If the regulators allow this to proceed, it will be a clear message that they have a bias toward exchanges and against the OTC sector
If there is one bizarre turn of events that has begun to take place over recent weeks, it is the sudden embracing of all things crypto by major banks, derivatives exchanges and even governments.
For the past ten years, nothing but an absolute trail of disaster, anarchy and fraud has dogged the digital currency world, however all of a sudden, major, well established venues are jumping on it.
Today is no exception as CME Group, the world’s leading and most diverse derivatives marketplace has announced that it intends to launch Ether futures starting February 8, 2021, pending regulatory review.
The new contract will be cash-settled, based on the CME CF Ether-Dollar Reference Rate, which serves as a once-a-day reference rate of the U.S. dollar price of Ether. Ether futures will be listed on and subject to the rules of CME.
“Based on increasing client demand and robust growth in our Bitcoin futures and options markets, we believe the addition of Ether futures will provide our clients with a valuable tool to trade and hedge this growing cryptocurrency,” said Tim McCourt, CME Group Global Head of Equity Index and Alternative Investment Products. “Ethereum is the second-largest cryptocurrency by both market capitalization and daily volume. The introduction of listed Ether futures to our time-tested, regulated CME Group derivatives marketplace will help to create a forward curve so Ethereum market participants can better manage price risk.”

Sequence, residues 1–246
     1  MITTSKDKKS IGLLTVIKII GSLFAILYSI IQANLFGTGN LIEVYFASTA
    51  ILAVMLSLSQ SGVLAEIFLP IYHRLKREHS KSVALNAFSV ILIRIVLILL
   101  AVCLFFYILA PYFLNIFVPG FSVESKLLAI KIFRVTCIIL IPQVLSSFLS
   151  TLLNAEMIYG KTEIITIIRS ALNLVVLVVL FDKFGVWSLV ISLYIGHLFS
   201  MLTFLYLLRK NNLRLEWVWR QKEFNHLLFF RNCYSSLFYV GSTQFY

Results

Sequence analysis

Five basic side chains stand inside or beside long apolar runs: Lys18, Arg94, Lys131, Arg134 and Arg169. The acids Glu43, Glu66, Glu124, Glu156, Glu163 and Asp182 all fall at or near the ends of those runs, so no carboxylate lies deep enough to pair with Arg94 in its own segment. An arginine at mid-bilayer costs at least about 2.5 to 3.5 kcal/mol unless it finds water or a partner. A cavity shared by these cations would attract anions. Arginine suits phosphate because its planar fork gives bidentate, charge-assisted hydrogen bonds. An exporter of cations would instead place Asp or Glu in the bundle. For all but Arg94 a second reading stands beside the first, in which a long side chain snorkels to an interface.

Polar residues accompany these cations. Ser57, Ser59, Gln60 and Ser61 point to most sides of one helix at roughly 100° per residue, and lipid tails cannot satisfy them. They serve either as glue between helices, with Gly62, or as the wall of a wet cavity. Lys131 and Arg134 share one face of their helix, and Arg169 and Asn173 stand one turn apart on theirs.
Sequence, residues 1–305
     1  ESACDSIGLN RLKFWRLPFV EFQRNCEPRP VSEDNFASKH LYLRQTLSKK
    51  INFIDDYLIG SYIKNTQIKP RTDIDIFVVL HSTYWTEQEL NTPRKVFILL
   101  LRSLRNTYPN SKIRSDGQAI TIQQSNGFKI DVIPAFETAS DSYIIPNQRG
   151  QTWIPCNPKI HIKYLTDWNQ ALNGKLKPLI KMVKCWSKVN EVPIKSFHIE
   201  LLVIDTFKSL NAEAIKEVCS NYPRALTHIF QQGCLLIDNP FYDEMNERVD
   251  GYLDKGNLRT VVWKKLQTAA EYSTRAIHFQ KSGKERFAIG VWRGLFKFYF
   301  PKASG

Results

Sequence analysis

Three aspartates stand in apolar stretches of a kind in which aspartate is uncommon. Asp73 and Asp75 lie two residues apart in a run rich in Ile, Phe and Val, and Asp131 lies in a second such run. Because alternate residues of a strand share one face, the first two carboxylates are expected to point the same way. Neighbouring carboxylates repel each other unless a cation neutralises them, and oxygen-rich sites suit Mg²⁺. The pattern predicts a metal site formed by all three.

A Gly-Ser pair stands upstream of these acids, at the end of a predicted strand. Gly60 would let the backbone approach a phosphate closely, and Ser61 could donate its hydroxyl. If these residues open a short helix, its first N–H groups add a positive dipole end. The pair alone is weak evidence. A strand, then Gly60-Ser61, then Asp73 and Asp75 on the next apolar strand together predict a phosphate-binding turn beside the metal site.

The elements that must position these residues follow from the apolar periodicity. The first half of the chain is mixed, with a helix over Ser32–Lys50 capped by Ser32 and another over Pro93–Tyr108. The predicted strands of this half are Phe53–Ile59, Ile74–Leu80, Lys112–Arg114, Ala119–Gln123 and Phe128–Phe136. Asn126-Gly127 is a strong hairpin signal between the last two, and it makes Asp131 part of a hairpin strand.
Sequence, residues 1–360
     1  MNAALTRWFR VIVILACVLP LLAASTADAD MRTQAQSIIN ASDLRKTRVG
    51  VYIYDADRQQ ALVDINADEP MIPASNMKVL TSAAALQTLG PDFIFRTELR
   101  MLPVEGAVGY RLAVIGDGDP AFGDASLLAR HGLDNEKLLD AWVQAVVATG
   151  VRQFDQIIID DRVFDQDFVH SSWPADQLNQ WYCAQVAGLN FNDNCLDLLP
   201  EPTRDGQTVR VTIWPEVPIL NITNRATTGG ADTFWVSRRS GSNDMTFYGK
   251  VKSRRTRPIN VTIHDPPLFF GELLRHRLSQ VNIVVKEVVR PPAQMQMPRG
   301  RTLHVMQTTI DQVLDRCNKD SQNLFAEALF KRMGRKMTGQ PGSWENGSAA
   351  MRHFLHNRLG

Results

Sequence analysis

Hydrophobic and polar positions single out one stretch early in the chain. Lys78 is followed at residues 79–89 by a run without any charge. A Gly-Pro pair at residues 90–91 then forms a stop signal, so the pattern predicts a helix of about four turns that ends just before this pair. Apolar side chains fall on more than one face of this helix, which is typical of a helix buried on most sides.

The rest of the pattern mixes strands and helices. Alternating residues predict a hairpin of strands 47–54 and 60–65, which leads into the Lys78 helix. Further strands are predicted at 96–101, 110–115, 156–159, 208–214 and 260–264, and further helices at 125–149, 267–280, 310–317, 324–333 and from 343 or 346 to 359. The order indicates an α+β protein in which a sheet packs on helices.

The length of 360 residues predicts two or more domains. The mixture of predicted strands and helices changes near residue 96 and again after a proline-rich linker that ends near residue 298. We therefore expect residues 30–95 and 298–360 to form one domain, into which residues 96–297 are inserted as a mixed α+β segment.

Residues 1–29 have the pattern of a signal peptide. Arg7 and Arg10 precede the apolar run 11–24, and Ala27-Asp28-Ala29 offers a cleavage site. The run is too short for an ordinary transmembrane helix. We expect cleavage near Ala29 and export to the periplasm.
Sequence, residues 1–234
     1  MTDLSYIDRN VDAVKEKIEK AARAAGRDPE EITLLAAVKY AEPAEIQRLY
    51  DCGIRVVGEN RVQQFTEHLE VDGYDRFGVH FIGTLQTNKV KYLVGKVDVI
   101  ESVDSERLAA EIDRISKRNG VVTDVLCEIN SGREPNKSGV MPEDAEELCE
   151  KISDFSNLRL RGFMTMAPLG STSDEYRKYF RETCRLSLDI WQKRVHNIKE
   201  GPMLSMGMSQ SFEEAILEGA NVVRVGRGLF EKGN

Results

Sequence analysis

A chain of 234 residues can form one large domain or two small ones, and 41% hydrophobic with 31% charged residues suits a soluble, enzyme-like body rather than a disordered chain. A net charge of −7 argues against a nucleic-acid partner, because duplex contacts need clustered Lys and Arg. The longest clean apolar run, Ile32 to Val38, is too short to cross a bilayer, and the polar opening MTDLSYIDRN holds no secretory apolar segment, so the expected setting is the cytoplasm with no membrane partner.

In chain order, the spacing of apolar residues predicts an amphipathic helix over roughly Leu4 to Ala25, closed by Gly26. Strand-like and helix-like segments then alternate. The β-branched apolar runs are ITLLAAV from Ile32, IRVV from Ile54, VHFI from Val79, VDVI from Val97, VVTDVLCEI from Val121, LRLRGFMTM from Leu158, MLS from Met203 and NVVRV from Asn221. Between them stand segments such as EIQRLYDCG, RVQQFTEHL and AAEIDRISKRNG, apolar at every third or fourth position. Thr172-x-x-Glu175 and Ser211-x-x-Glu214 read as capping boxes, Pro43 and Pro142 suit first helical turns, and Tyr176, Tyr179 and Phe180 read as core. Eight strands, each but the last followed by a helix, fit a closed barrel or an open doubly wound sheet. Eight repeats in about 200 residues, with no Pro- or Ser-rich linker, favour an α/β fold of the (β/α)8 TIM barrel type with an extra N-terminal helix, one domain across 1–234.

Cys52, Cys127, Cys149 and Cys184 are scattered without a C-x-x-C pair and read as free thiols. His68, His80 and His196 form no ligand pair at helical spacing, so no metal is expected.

Ether futures will join CME Group’s Bitcoin futures and options. As CME Bitcoin futures approach their third anniversary on Dec. 17, there has been significant growth in their adoption from a broad array of participants, including institutional investors.
In 2020-to-date, 8,560 CME Bitcoin futures contracts (equivalent to about 42,800 bitcoin) have traded on average each day. At the same time, institutional interest continues to build with the number of large open interest holders reaching a record of 110 in December.
If the regulators allow this to proceed, it will be a clear message that they have a bias toward exchanges and against the OTC sector, as these digital currency futures are very risky indeed.
Regulators know full well that CFD firms have lost a fortune on crypto pairs in the past, notably at the end of 2017 in which two well known firms lost 57 million dollars between them in the space of a week.
Clearly what is good for the goose is not good for the gander.